Macy and Bridgman have gotten their act together, allowing them to remain in character during their presentations. ‘‘Both of them have spent years researching these two characters and reading the Adams letters, so they really know their stuff,’’ Hollister said. ‘‘Their portrayals are just spot-on.’’
They have refined both the “Love Letters” theme and another exchange of letters centering on the Siege of Boston.
Macy, 54, who noted that the Adamses were compared to “a candlestick and a bowling ball,’’ lives in Kingston and is a graphics manager for an advertising promotions company.
Is he the same size and shape as John? ‘‘Unfortunately, yes,’’ Macy said. ‘‘Almost exactly.’’
Bridgman lives in Gloucester. ‘‘I’m 66 and play 34,’’ said the retired public relations executive.
Several years ago a restaurant put out a notice asking for a couple of people to read some Adams letters as part of a presentation it was planning. ‘‘Pat Bridgman and I were in the same historical organization together and had been doing living history presentations together,’’ Macy said. ‘‘So I asked her, do you want to give it a try. She said sure, and John and Abigail were reborn.’’
It’s work that never ends. ‘‘We research all the time,’’ Bridgman said. ‘‘I have about 15 pages of Abigail quotations on various subjects that I have memorized. So that when you ask me, ‘Tell me about your children,’ or ‘What do you think about slavery?’ or ‘What do you think about Ben Franklin?’ I can respond in Abigail’s words. We inhabit the Adamses.’’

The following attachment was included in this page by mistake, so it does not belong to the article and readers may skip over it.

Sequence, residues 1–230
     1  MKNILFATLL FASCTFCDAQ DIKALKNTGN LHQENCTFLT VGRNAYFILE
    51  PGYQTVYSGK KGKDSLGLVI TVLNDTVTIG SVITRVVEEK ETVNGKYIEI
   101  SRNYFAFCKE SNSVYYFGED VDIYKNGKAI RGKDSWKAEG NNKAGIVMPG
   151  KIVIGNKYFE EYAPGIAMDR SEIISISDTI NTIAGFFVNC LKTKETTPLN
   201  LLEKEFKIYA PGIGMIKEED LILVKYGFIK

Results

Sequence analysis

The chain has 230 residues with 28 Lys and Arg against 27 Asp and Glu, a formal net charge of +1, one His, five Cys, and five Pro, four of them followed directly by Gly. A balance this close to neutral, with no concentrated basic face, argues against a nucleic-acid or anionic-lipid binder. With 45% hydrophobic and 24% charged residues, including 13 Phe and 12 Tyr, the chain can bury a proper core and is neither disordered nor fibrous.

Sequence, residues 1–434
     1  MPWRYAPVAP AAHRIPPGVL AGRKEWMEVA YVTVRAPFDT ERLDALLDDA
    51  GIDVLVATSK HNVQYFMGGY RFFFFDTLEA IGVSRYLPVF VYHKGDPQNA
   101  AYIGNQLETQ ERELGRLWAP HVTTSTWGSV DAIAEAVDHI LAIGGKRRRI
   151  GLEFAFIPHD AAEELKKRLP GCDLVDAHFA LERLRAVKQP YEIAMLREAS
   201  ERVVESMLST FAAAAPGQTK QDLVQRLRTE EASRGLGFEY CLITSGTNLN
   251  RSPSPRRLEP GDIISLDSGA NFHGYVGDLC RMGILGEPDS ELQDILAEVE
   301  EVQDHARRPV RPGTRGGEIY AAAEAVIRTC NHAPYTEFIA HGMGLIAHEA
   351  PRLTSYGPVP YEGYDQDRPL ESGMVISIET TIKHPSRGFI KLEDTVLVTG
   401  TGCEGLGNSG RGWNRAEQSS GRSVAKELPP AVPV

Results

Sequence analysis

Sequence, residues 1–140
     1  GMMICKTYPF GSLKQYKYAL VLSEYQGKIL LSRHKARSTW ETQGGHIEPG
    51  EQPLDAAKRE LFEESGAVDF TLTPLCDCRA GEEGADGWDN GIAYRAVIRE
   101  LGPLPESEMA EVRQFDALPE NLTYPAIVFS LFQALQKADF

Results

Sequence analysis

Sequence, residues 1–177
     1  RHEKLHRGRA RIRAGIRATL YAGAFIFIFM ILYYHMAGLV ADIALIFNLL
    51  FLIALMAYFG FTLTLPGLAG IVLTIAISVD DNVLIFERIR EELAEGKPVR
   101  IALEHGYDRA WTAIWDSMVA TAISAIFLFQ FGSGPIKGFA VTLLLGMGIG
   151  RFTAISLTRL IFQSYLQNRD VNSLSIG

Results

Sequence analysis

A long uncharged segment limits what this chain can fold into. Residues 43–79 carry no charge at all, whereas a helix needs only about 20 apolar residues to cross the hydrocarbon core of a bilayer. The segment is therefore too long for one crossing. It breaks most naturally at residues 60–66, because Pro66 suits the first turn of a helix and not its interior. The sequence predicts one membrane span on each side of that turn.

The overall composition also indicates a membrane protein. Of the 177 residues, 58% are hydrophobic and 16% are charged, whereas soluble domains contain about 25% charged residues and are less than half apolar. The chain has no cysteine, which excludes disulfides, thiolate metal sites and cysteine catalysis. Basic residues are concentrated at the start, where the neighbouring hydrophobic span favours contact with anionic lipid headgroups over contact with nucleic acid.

Bridgman sometimes wears pearls like those she said Abigail wore in a portrait made on her honeymoon. Bridgman also has two or three work gowns, three silk gowns, a variety of bonnets and hats, two pairs of shoes, and silk stockings among other items that replicate clothing of the late 18th century. ‘‘And I just made myself a cute little jacket that ties with ribbons in front,’’ she said.
One of Macy’s outfits draws from a portrait of John painted by Mather Brown, ‘‘even down to the buttons and the buckles on the shoes,’’ Macy said.
Their letters also express suffering. One baby daughter died and another child was stillborn, ‘‘eyes closed as if in sleep,’’ Bridgman said, recounting Abigail’s anguish. ‘‘Because they were so far apart, a letter came from him to her talking about how excited he was to be having a baby and she got that letter after the baby had died, and she wrote back saying what had happened.’’
The presentation includes its own brand of fireworks, when John becomes irritated and tees off on Abigail, who gives it right back. ‘‘These are real people,’’ Macy said. ‘‘And when the stresses get to be too much, then it starts to show in a marriage. And it did in theirs.’’
Jim Taylor, editor-in-chief of the Adams papers for the Massachusetts Historical Society, which has originals of nearly 1,170 letters between the two, said their situation fueled the flow of ink. ‘‘One of the reasons we have as many letters as we do is that because of John’s service both at Congress and then as a diplomat in Europe, for long periods of time they were separated,’’ Taylor said. ‘‘And of course the only mode of communication at that time was letter.’’
Taylor highlighted one penned by John in July 1774, nearly a year before the Battle of Lexington and Concord, that shows he was aware of the importance of their correspondence: ‘‘I write you this Tittle Tatle, my Dear, in Confidence. You must keep these Letters chiefly to yourself, and communicate them with great Caution and Reserve. I should advise you to put them up safe, and preserve them. They may exhibit to our Posterity a kind of Picture of the Manners, Opinions, and Principles of these Times of Perplexity, Danger and Distress.’’